Sabbatical as liminal space

threshold of sabbatical

Sabbatical as liminal space

Recently, I was introduced to the podcast “Quitted” and the episode on endings. The hosts shared why they wanted to do a podcast on quitting or why to explore endings. I truly loved the episode and will probably go back and listen to it again. The basic premise is that we as humans really don’t know how to navigate endings. In the podcast, one of the hosts talks about liminal space that often happens around endings. I wanted to learn more about the word liminal and how it would apply to sabbaticals. The website describes it as:

“The word liminal comes from the Latin word ‘limen’, meaning threshold – any point or place of entering or beginning. A liminal space is the time between the ‘what was’ and the ‘next.’ It is a place of transition, a season of waiting, and not knowing.”

The theme of thresholds has been following me for the past year as I made big changes in my life. Of walking through space into something new both for my career and where I live. Maybe you are in a similar space of change and are in the  “in-between” as things are still being sorted out. Most days it feels like I am in this liminal space as I am almost waiting to discover what is next.

It feels like our world has been in a liminal space for the past two years. We are collectively getting ready to step into what is next as a society and community with many returning to work and protections being lifted. As part of our sabbatical guiding framework, our final and fifth phase focuses on the idea of “re-entry”. It is an important part of coming back and needs as much intention and design as the sabbatical itself.

When I think about our collective re-entry whether returning to the office or attending large events, what once was normal is now different. Not only are the environment and norms different, but you are also different. The last two years of the pandemic have changed all of us. The re-entry may be difficult for many people as they realize what changes actually happened. Many companies are not planning for these shifts and changes that occurred and they are expecting employees to just show up and pick up exactly where things were left two years ago. If anything, this time should be interesting.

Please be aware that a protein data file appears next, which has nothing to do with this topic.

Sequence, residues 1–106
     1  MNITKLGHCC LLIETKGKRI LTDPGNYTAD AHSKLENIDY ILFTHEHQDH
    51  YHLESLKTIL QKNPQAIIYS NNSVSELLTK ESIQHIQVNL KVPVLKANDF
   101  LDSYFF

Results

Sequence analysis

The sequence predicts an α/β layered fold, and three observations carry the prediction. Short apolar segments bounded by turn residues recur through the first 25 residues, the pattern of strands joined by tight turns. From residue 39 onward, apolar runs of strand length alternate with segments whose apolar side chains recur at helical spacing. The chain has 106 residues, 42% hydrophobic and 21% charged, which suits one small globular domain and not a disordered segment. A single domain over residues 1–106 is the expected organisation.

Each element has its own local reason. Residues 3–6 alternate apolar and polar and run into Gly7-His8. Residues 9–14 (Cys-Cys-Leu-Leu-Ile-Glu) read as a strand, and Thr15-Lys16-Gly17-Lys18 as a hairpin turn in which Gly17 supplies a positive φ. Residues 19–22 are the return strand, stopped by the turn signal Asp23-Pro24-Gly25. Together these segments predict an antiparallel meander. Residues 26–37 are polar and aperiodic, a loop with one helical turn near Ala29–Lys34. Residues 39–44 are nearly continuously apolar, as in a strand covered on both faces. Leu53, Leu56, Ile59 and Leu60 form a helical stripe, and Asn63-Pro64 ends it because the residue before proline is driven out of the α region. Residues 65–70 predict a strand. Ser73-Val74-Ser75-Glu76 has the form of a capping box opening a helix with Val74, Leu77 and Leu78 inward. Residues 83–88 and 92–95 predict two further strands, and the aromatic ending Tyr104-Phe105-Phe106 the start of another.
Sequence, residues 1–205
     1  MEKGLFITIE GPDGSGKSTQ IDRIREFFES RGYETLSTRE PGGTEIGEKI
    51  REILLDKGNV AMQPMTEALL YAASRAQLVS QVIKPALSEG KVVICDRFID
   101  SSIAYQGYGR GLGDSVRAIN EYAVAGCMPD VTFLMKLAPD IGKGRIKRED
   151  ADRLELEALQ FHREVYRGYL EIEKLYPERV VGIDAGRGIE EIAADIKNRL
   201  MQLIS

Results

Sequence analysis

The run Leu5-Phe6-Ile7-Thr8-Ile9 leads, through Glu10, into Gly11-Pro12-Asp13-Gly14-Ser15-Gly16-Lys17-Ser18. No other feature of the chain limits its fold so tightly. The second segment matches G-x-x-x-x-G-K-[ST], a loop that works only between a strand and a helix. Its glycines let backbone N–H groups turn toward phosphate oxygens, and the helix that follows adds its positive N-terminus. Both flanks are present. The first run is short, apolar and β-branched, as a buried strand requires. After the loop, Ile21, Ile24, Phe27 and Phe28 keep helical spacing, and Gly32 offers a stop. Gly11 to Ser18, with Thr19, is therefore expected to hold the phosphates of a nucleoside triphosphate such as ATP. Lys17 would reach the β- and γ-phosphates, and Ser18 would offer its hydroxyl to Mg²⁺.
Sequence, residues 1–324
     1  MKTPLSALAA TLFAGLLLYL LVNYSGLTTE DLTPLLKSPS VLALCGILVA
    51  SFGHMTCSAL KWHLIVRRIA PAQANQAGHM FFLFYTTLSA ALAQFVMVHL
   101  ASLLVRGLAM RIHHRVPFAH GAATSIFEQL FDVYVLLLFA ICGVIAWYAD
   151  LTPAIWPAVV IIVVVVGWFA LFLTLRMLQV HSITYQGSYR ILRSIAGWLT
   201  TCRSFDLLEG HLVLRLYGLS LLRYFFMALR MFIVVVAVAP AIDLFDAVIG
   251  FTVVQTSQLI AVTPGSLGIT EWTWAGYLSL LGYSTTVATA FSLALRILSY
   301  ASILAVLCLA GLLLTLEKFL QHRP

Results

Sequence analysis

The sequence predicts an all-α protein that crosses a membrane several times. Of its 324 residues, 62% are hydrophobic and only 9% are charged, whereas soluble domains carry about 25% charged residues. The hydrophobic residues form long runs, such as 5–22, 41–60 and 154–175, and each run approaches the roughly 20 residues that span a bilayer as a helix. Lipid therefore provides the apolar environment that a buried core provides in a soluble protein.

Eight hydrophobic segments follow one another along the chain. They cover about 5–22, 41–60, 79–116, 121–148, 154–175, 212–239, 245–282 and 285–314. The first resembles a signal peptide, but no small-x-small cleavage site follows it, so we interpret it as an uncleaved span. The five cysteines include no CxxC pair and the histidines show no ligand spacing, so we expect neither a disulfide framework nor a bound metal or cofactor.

Another reflection is that the liminal space is similar to the time of sabbatical. As much as a sabbatical is about rest or a pause from regularly scheduled life, it is hard work and uncertain as things unravel and are unlearned during the time away.

This expectation of people not changing may be contributing to the Great Resignation as people are realizing they no longer fit in the role, the company, or the expectations of society as we emerge from the pandemic. The last two years have highlighted for many that pre-pandemic life is no longer how they want to live.

How are you navigating this liminal space as you prepare for our collective return?

PS – Another Quitted podcast explores the idea of liminal spaces in more detail and can be found here.

A threshold is not a simple boundary;
it is a frontier that divides two different territories, rhythms and atmospheres.
– John O’Donohue

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